Sunday, October 31, 2010

Pan de Muerto...por Una Gringa

I know its Halloween weekend and everyone is enjoying the last bits of celebration, but I think I really am Latina en mi corazon because I can’t stop thinking about Dia de Los Muertos

Image Credit
 Dia de Los Muertos (Day of the Dead) is a celebration that occurs on November 2nd in Mexico.  On this day, families honor their family members who have passed away by setting up alters to remember them and visiting their grave sites.  Mexicans don’t just take flowers to the graves, they also give food and gifts.  I know to most gringos this sounds terribly morbid, but according to my Spanish teacher and other Mexicans that I’ve spoken with, the focus is on the good times and the memories, not the death of the person.  I dig it. 

One of the best things about Dia de Los Muertos is the food and Pan de Muerto (Bread of the Dead) is a keystone.  Pan de Muerto is a sweet yeast bread with a hint of orange flavor and a generous dusting of sugar.  During the weeks preceding Dia de los Muertos, the smell of this delicious bread wafts through Mexican streets throughout the country and each region makes their pan de muerto just a little different from their neighbor.  To add more diversity, every baker shapes the dough into different things (ie: skulls, bones, flowers, animals, or people) and decorates the loaf simply or intricately with sugar so everyone’s pan de muerto is unique.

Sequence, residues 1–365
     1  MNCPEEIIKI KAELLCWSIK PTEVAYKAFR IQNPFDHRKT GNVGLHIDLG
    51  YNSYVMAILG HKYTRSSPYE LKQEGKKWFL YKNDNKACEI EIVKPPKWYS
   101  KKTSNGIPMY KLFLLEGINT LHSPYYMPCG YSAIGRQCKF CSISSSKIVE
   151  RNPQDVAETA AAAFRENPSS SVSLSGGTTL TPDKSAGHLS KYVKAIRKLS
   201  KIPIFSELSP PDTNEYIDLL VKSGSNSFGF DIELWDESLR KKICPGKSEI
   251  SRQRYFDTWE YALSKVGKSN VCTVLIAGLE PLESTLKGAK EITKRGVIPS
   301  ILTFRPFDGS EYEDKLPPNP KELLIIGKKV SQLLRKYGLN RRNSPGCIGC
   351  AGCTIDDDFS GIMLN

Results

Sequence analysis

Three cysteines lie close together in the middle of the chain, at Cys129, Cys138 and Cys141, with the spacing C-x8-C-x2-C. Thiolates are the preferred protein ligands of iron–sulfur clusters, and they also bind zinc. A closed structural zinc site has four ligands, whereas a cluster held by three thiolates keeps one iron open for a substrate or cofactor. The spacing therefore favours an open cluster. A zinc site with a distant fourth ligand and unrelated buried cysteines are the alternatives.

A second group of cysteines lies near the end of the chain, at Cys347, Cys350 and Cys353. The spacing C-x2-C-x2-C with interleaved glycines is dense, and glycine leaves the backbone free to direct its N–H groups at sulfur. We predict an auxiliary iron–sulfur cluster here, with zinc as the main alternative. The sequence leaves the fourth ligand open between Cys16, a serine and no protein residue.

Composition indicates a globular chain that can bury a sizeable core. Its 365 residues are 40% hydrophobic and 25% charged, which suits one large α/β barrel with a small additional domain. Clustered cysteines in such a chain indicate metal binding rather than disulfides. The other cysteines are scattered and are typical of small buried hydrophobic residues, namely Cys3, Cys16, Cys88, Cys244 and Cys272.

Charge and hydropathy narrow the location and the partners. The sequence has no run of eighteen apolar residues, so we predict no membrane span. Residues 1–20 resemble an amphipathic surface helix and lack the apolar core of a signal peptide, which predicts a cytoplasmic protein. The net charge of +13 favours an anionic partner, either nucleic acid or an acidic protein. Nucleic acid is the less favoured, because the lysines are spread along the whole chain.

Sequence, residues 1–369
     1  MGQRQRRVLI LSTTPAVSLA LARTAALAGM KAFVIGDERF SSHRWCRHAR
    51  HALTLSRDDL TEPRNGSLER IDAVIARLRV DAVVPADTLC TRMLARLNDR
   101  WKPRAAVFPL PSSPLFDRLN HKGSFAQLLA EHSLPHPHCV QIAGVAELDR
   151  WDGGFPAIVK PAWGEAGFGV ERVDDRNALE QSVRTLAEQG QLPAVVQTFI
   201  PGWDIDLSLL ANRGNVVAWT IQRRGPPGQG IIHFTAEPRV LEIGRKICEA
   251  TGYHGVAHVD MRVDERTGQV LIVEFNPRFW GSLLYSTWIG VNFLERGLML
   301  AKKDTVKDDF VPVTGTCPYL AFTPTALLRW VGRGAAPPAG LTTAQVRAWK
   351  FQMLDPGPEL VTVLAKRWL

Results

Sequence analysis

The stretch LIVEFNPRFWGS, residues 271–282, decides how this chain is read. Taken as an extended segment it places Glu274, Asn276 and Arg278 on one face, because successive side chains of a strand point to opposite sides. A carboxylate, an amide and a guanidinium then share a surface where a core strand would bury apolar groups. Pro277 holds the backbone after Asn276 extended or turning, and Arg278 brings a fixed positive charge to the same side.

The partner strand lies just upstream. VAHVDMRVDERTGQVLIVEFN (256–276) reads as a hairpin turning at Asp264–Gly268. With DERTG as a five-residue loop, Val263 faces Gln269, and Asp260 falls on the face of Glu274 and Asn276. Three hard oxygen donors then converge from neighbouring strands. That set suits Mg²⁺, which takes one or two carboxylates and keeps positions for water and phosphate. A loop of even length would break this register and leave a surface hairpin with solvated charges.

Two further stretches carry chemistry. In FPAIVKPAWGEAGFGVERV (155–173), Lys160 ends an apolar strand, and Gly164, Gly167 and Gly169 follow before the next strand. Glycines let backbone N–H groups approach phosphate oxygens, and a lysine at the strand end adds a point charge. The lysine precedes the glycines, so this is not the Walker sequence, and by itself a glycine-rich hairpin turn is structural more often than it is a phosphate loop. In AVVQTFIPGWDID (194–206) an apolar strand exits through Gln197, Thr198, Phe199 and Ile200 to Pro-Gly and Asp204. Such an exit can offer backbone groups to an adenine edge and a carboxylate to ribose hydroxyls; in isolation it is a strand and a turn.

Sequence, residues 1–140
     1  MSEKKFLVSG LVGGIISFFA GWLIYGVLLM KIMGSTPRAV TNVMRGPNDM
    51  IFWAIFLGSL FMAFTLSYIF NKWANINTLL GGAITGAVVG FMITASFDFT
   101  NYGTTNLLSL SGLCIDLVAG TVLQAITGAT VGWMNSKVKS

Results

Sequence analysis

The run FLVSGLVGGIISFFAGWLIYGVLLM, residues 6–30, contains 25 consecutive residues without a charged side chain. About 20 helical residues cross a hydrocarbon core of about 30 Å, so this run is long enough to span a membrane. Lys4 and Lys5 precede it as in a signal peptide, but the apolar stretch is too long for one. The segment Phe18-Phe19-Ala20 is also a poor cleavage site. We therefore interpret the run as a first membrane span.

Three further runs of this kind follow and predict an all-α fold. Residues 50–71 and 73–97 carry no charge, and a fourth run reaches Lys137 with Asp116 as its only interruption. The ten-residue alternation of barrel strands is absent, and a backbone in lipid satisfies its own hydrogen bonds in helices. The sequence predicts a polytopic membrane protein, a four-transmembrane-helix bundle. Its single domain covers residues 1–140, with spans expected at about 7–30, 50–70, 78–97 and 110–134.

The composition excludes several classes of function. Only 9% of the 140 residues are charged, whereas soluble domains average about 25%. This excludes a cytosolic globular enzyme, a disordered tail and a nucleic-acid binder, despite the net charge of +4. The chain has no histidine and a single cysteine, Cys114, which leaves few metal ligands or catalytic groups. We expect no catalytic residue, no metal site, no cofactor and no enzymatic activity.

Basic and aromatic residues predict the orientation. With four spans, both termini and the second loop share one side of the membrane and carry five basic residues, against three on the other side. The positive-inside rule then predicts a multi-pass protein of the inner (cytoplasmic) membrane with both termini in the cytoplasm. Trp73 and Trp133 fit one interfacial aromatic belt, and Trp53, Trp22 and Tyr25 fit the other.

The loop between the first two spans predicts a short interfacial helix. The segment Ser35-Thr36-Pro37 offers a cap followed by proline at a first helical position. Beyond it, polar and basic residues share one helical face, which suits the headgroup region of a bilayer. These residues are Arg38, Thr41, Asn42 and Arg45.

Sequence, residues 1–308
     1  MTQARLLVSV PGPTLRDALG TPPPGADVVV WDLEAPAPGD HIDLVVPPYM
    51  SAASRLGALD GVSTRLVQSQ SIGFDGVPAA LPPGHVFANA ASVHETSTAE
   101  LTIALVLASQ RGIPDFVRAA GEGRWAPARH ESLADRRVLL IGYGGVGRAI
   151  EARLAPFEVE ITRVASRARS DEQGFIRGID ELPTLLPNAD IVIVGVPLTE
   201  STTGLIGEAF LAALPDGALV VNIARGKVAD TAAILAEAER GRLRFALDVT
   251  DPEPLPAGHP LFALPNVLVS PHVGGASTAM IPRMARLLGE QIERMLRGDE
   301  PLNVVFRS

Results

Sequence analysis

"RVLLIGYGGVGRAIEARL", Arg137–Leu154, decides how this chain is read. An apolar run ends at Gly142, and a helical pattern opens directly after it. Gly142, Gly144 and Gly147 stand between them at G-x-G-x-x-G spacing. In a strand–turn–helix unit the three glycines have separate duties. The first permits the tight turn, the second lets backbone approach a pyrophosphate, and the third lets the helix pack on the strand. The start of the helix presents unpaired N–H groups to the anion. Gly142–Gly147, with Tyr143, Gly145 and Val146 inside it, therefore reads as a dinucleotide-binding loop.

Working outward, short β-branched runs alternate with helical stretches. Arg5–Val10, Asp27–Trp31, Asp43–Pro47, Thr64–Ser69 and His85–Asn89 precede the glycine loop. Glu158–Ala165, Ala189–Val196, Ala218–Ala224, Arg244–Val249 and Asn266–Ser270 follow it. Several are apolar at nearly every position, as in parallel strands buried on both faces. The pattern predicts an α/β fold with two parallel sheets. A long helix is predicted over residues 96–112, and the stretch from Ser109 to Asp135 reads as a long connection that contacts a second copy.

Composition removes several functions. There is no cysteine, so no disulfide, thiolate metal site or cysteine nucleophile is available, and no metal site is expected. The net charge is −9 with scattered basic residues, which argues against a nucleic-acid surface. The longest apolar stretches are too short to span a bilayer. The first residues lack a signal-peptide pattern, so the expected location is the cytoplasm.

To make my pan de muerto, I took what I liked from two recipes--one from Fine Cooking Magazine and another from All Recipes.com--and made it my own.  I also decided to do one traditional loaf covered in “bones” and dusted in sugar, and one creative loaf with a design and colored sugars. I was nervous not only because of my questionable track record with yeast, but also because my plan included taking the finished product to my Spanish class...which is taught by a Mexican…who ate pan de muerto…in Mexico.  No pressure, no pressure at all.  

Gracias a Dios, my bread turned out beautifully!



And not only did it look good, it tasted good as well.  Everyone in my class enjoyed it and I got the stamp of approval from my teacher which meant a lot. By the time class resumed after lunch, word had traveled throughout the Spanish department about my pan rico, best compliment ever!  So whether you're Mexican or not this bread is delicious and goes well with a rich hot chocolate (traditionally, this is how it’s served in Mexico) or coffee making it perfect for the upcoming winter months, so give it a try!



Pan de Muerto por Una Gringa
Yield: 2 loaves

The Goods:

For the Cake:

1/2 cup whole milk
5 1/2 tablespoons unsalted butter, cut into pats
skin of one orange, use a vegetable peeler and avoid the white pith
1 star of anise